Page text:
I’m proud to say that I have never met society’s expectations, by any means. I’ve never been the perfect girl society has wanted me to be, and today, I celebrate myself for my willingness to stand out when others are too afraid to. But believe me––it didn’t always come this easily.
Body confidence is something we all strive for, and we all strive for it in individual ways. We all want something greater for ourselves, and I won’t pretend that I’m any different. Ever since I can remember, I have always been the overweight friend. I’ve always had more meat on my bones. When I was younger, I never paid any attention to it––I would just finish off that family-sized bag of potato chips and laugh to myself.
Yet as I got older, I became surrounded by other girls who scrutinized themselves, by staring at themselves in the media and analyzing their every flaw. I had never been one to do this, yet when I reached junior high, it was all around me. And the more I surrounded myself with it, the more I became consumed by it. I’d go home and stare at myself in the mirror, especially the rolls of my stomach. Then I’d pull up Instagram or Snapchat and stare at all the other girls who were confident in themselves. How come this one is posting so many selfies? Isn’t there something wrong with her that she’d like to hide? Shuffling through social media became an everyday habit, and in high school, it ripped my self-esteem apart. I became so obsessed with what others had that I didn’t, that I started devoting my entire life to it.
Today, I think it’s funny how society is trained to like and comment under the same kinds of posts. If we were to outline the exact photos that get the most likes on Instagram, I’m sure they’d all be pictures of the same kinds of girls who wear their hair and makeup the same way and buy all the same clothes. I’m no idiot –– like I said, my insecurities have forced me to be aware of the trends that other girls are following, and if I were to pull up my Instagram account right now I’d know exactly which accounts to search for in order to find them.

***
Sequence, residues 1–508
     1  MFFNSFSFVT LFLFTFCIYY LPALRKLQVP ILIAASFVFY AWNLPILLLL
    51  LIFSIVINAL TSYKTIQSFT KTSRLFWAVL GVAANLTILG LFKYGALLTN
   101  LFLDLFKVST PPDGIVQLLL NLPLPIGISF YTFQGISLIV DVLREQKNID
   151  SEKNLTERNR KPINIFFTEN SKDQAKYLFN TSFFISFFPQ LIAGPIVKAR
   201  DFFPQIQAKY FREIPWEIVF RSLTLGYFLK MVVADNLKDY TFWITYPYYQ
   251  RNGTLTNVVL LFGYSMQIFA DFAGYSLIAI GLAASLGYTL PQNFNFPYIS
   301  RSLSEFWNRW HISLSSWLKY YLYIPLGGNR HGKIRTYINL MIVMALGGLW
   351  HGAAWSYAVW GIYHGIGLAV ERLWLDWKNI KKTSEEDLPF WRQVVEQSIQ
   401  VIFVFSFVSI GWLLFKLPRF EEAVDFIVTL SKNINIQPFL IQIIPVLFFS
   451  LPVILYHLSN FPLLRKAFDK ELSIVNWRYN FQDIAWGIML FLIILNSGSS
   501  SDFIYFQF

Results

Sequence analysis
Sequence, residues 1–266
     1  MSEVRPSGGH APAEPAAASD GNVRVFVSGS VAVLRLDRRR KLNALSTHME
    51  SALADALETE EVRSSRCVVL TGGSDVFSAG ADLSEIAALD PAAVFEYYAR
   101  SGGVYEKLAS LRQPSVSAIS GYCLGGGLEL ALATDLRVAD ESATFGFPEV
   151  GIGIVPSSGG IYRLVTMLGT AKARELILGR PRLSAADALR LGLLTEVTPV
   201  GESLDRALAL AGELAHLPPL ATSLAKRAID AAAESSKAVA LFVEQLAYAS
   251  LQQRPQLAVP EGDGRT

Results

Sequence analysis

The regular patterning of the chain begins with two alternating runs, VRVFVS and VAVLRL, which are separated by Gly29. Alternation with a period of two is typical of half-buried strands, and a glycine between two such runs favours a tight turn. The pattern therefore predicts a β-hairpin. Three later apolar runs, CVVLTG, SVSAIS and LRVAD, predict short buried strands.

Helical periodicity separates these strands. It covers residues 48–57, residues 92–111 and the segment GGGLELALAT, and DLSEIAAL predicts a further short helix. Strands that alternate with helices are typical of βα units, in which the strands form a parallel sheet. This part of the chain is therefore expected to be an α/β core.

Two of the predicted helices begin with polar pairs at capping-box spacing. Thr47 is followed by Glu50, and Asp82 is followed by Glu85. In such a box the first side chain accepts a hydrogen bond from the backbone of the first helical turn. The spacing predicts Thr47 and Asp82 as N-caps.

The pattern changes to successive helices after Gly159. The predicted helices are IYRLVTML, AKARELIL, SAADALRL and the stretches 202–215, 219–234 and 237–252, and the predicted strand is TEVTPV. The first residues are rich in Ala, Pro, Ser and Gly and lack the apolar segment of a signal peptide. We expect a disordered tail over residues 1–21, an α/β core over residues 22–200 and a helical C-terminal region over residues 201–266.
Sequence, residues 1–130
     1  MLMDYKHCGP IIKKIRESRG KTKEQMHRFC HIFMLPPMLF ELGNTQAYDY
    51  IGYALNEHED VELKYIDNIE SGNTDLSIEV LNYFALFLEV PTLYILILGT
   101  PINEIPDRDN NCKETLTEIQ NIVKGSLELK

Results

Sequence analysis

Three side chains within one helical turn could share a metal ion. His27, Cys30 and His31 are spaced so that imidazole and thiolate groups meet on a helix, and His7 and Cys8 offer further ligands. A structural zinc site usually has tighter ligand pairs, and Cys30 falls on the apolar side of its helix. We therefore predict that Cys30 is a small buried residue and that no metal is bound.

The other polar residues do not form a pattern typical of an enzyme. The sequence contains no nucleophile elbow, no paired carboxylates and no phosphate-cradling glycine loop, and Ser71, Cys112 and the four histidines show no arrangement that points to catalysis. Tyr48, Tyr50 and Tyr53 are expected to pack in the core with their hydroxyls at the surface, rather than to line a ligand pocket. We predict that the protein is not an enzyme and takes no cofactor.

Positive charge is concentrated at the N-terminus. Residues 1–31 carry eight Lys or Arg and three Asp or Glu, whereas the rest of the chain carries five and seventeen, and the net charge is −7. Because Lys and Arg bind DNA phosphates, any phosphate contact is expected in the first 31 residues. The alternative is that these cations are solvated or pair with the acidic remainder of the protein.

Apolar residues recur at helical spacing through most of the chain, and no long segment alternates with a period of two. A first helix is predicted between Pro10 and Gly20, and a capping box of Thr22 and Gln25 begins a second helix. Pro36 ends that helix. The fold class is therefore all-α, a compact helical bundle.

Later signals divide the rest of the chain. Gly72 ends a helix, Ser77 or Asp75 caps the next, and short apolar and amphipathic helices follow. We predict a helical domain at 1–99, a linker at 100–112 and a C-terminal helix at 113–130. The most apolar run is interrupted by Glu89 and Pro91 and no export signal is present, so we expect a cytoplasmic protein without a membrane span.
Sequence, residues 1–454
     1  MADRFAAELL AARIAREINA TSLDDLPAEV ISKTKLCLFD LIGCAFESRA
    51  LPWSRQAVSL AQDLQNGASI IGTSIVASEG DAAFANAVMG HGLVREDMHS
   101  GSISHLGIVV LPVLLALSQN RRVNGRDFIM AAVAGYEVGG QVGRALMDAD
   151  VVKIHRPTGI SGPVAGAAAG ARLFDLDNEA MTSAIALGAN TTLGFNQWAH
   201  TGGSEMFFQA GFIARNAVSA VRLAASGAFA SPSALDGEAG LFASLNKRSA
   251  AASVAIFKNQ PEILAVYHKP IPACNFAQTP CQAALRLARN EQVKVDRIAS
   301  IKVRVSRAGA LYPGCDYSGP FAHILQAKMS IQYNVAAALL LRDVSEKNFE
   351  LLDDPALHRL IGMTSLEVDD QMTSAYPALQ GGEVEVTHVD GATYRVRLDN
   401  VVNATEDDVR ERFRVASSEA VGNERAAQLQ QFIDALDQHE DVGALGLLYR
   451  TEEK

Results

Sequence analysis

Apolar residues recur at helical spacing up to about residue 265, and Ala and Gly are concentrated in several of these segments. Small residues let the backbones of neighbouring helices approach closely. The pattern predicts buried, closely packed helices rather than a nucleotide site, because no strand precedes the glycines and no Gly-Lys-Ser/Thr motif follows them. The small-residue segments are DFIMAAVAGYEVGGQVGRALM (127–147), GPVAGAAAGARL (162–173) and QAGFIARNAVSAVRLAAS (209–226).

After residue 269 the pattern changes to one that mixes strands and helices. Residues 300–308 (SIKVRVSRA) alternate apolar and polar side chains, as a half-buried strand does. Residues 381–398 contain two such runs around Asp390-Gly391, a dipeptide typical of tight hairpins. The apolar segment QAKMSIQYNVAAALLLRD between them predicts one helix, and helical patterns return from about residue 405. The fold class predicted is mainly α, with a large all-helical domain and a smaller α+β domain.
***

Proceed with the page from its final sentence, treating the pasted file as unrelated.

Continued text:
So I’m not exactly sure what changed in me since high school, but now, I can pull up these posts and laugh to myself. Really, genuinely, whole-heartedly laugh and move on with my day. The lesson that time taught me is that just because these kinds of posts exist, you do not need to copy them. You can idolize a certain celebrity or even admire another girl at your school without trying to be an exact replica of them. We should all learn to appreciate one another’s beauty without ignoring our own.
I should also note here that an insecurity is not an accessory. It should not be the norm to complain about the way you look, and it should not be the norm to gather in the bathroom with our friends and whine in front of the mirror. It should not be a conversation-starter to bring up your love handles or a new blemish or how greasy your hair is.Why is this a culture we so often embrace within our friend groups? We are so prone to agonizing over our flaws when we’re in a group. Why don’t we go ahead and change this dynamic? We need to be for others what we’ve always wanted for ourselves: encouraging. When one of our girlfriends begins to tear herself apart, we need to be there to celebrate what makes her different.
The more we agonize over the same, impossibly-perfect image, the further away we’ll be from happiness. And at the end of the day, a smile is the most unique, beautiful (and might I add, inexpensive) accessory we can wear.